Goliad State Park & Historic SiteLeave review
About Goliad State Park & Historic Site
Campgrounds in Goliad
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At Jacales loop, all sights are pull through and have full hookups with sewer. The other loop is way back in the woods at a sort of parking lot without sewer hookups and backup sites. The museum and especially the interpretive trail past the museum are awesome
There's not a whole lot to do in the park it can be walked through in a day but the town has a brewery that was really neat and kids are welcome! Also you will have to check their website they do paddling trips on the San Antonio river that runs through the park I believe twice a year.
History of Goliad State Park & Historic Site
Goliad State Park is 188.3 acres, located near Goliad in Goliad County. In 1931, acreage was accepted by the state legislature from the city and county of Goliad and transferred to the State Parks Board in 1949. Surrounding ranches and oil fields remind visitors of the role the area played in the unfolding of Texas' history and economy.
The park, located on the San Antonio River, contains a refurnished replica of Mission Nuestra Senora del Espíritu Santo de Zuniga, reconstructed by the Civilian Conservation Corps in the 1930s. The mission was originally established in 1722 near Matagorda Bay and moved to its present site in 1749. This mission was the first large cattle ranch in Texas, supplying its own needs and those of Spanish colonial settlements as far away as Louisiana. The park also contains General Ignacio Zaragoza's Birthplace, Plaza and Amphitheater, which are located nearPresidio La Bahia. General Zaragoza assumed command of the rag-tag Mexican Army and welded it into a staunch fighting force, which met and defeated the French on May 5, 1862, in the Battle of Puebla, which led to Mexico's independence from France. Park property also contains the ruins of Mission Nuestra Señora del Rosario, established in 1754, located four miles west of Goliad on U.S. Highway 59.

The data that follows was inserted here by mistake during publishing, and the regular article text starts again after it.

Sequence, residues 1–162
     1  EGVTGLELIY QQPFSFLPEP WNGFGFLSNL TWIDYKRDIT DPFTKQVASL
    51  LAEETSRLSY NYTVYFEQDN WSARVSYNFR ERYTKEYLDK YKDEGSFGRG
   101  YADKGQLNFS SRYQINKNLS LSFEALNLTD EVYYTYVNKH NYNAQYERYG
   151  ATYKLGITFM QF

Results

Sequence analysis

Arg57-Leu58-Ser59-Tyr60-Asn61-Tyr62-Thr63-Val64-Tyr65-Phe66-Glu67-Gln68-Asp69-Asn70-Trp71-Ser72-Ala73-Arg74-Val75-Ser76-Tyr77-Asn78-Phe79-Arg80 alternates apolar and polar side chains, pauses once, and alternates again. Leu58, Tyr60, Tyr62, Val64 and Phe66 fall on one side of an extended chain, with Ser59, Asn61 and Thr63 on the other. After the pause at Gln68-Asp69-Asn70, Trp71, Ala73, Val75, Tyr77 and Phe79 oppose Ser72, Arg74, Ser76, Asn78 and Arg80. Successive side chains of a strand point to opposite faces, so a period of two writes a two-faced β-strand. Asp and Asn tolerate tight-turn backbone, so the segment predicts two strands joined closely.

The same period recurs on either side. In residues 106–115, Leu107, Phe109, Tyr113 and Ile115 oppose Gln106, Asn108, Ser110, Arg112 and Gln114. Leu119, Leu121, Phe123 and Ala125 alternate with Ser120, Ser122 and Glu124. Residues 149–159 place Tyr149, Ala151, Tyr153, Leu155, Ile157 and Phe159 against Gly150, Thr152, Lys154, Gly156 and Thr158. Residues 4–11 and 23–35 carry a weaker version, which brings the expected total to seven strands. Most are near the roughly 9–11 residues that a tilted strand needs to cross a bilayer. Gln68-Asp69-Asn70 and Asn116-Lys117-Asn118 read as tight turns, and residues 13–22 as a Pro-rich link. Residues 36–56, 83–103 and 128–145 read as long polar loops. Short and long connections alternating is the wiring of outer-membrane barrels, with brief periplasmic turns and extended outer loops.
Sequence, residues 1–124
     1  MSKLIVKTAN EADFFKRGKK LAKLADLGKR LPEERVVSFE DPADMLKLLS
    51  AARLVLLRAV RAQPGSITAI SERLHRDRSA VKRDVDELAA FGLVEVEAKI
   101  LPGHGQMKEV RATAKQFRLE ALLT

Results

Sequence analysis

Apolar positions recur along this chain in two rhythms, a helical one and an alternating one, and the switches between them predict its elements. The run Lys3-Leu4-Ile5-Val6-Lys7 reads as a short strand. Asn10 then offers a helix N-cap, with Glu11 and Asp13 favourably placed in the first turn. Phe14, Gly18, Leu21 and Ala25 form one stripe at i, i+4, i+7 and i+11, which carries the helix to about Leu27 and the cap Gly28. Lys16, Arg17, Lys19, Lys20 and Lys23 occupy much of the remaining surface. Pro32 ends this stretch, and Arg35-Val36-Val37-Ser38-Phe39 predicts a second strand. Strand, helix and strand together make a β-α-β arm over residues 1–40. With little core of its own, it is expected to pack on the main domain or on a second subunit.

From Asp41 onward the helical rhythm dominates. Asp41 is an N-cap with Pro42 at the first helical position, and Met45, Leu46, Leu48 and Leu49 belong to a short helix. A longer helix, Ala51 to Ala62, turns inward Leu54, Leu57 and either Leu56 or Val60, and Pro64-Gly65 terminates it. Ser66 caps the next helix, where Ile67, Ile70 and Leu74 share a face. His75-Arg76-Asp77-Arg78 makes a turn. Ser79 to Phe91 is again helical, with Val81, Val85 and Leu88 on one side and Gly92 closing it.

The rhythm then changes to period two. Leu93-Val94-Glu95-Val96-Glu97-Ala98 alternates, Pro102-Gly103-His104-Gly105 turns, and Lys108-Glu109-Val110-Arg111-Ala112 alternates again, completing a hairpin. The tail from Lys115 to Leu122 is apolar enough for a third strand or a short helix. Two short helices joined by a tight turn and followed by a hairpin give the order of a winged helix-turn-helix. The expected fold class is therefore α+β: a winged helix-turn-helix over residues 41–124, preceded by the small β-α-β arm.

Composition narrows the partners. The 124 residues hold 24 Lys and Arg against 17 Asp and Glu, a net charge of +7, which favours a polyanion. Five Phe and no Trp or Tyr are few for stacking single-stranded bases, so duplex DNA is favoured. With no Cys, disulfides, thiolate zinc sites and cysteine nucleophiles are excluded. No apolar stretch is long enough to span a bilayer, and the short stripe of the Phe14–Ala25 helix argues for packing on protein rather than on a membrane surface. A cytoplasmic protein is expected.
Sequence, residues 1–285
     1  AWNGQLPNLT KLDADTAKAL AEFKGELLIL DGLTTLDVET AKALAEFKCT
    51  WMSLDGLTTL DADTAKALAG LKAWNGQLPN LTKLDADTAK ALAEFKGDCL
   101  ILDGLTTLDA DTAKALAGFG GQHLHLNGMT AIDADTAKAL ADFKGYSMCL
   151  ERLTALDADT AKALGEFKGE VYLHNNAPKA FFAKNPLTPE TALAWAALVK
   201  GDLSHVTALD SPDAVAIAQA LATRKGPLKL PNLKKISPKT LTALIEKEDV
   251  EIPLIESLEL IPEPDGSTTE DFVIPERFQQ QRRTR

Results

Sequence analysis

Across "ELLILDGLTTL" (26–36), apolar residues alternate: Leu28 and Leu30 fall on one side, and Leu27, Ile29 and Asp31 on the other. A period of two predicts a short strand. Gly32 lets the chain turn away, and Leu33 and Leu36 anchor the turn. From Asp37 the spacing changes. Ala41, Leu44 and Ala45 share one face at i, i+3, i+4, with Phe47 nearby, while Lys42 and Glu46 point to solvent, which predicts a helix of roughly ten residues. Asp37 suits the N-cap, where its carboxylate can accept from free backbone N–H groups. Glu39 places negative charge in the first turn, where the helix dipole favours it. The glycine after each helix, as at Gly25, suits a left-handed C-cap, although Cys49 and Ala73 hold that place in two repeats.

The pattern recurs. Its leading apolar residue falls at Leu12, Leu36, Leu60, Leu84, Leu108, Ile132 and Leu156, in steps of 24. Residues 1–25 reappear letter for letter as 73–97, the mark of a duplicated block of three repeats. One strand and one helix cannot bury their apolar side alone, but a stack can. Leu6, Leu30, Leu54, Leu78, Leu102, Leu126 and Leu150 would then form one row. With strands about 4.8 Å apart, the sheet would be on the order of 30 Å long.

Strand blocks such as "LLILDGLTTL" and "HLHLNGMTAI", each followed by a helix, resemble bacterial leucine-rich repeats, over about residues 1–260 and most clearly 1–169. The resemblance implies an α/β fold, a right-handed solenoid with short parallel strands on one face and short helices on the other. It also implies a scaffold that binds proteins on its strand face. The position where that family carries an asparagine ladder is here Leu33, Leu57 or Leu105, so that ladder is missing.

For more historical information, visit the University of Texas' Center for American History exhibition "'To Whom Was This Sacrifice Useful?' The Texas Revolution and the Narrative of José Enrique de la Peña." The exhibit showcases examples from the center's archival collections relating to the history of the Texas Revolution. Items included in this exhibit are a daguerreotype of the mission church of the Alamo, which is the earliest datable photograph taken in Texas; the battle plan at the Alamo; and the Texas Declaration of Independence.